You had split duty in 2007, seeing time as a starter and in relief. It seemed there was a clearer role for you in 2008. How difficult was it to change the mentality?
Matt Teague: It always seemed during relieving I had to get ready pretty quickly as opposed to starting when I had a schedule I could go on and time to stretch. As a reliever, you never know when you are going in so I guess that is the biggest adjustment I had to make.
How do you make that adjustment when you are throwing 25 pitches or so as a starter and now you have to figure out what works to get in the game and be crisp right away?
Matt Teague: Usually, stretch in between innings. If there is a pitcher struggling, I tried to get loose while he was struggling so if they did call on me I would be ready.
One of the things I noticed is that you have quickened up your delivery.
Matt Teague: I always thought that if I was an outfielder or a shortstop I would want the game to be quick because my attention would be on the game as opposed to having their minds wander. That is why I try and have a good tempo.
Was there something specific you went to instructs to work on?
Matt Teague: Just not going over my head when I step back – I wanted to take that away because sometimes I would be off-balance. Also, I was stiffening up my front leg. Sometimes I would collapse on it and it would cause my ball to be one-plane rather than on an downhill plane.
Most of the pitchers seem to be going over their head to gain balance yet you say it is throwing you off. Any reason why?
Matt Teague: I get going too fast. I step back and my hands get going over my head and my body gets out in front of my hands and arm. Then it is up to my arms and hands to catch up.
One thing we have talked about in the past is throwing too many strikes. When you look back at this past season, do you feel like you did a better job of expanding the zone?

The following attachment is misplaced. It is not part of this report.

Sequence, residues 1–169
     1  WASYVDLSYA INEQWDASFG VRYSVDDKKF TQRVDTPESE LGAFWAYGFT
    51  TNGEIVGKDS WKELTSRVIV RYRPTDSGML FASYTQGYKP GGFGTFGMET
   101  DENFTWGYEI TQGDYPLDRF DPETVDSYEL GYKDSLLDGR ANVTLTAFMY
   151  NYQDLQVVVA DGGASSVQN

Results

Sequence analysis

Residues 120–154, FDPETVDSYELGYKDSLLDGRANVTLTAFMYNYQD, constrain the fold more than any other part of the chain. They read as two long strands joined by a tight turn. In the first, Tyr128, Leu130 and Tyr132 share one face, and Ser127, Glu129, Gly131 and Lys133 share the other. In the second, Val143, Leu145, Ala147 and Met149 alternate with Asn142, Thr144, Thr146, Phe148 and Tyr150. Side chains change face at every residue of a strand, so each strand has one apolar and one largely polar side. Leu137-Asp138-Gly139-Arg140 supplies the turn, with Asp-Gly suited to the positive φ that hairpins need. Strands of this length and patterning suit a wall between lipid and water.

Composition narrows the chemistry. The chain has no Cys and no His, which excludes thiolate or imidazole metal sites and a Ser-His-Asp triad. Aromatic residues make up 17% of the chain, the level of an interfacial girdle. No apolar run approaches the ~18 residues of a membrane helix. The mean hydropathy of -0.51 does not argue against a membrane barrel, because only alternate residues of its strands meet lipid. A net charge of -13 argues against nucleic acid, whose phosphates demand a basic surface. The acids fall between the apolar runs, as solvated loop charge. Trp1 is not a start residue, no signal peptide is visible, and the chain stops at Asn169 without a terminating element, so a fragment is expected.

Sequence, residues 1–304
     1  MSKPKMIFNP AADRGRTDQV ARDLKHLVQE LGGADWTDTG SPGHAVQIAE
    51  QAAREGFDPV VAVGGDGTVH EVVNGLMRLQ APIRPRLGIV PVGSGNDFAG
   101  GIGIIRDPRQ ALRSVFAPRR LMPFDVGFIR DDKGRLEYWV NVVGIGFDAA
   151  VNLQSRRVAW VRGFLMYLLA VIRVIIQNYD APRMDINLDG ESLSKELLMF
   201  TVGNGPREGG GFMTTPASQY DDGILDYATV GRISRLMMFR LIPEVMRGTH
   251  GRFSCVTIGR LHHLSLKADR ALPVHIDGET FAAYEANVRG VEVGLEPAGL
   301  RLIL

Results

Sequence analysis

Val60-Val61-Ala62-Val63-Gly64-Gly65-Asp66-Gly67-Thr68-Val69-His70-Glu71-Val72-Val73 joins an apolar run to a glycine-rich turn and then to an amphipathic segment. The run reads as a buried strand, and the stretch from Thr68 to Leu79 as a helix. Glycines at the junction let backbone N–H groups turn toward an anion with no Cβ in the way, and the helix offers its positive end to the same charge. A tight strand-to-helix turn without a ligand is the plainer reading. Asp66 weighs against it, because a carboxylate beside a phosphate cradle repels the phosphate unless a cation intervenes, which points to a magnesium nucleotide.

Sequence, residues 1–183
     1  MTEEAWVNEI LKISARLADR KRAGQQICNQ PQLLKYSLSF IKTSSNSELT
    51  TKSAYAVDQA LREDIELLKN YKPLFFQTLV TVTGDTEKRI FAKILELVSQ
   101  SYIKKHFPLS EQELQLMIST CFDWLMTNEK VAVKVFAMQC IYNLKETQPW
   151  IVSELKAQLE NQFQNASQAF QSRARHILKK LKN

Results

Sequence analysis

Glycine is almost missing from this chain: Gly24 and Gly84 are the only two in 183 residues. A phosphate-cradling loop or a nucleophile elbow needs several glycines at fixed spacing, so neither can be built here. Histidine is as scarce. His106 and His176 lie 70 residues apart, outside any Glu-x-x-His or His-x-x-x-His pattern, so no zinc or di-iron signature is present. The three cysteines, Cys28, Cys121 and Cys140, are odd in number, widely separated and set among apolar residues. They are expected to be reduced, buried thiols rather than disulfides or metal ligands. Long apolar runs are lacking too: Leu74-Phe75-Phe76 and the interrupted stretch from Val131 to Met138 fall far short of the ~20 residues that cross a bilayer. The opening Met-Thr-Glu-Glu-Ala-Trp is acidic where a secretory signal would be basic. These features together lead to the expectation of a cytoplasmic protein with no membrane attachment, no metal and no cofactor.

Matt Teague: Not really. I kind of struggled over the first half of the season – more than I wanted to. That was largely because when I got to two strikes – and I didn't have a problem getting to two strikes – my execution of the next pitch wasn't where it needed to be until after the All-Star break when I was pretty much totally in relief. I started to be able to get them to chase, throw a waste pitch.
What was the difference for you – was it a mentality thing?
Matt Teague: It was. I kept telling myself that ‘when you get two strikes, know what you want to do. I don't have to throw a strike with this next pitch. I can get them to chase.'
When you look back at the season as a whole, do you view it as a success?
Matt Teague: I do. I figured if I was going to progress it probably was going to be in the bullpen anyway as a left-handed reliever. I figured that was going to help me. I will already have that relief experience.
You mentioned execution of pitches and you are a guy with a lot of movement on your stuff. Is there something specific you are trying to shore up?
Matt Teague: Mainly the slider. When I am trying to strike someone out, I am trying to throw it on top of the plate – aiming for a corner or the back right foot of the hitter. That is where I want it to end up at. Repeating that to yourself and making it happen.
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Known for his strike throwing ability, San Diego Padres prospect Matt Teague has had to learn to expand the zone to have success. It is something he feels he did better as the season progressed.
Known for his strike throwing ability, San Diego Padres prospect Matt Teague has had to learn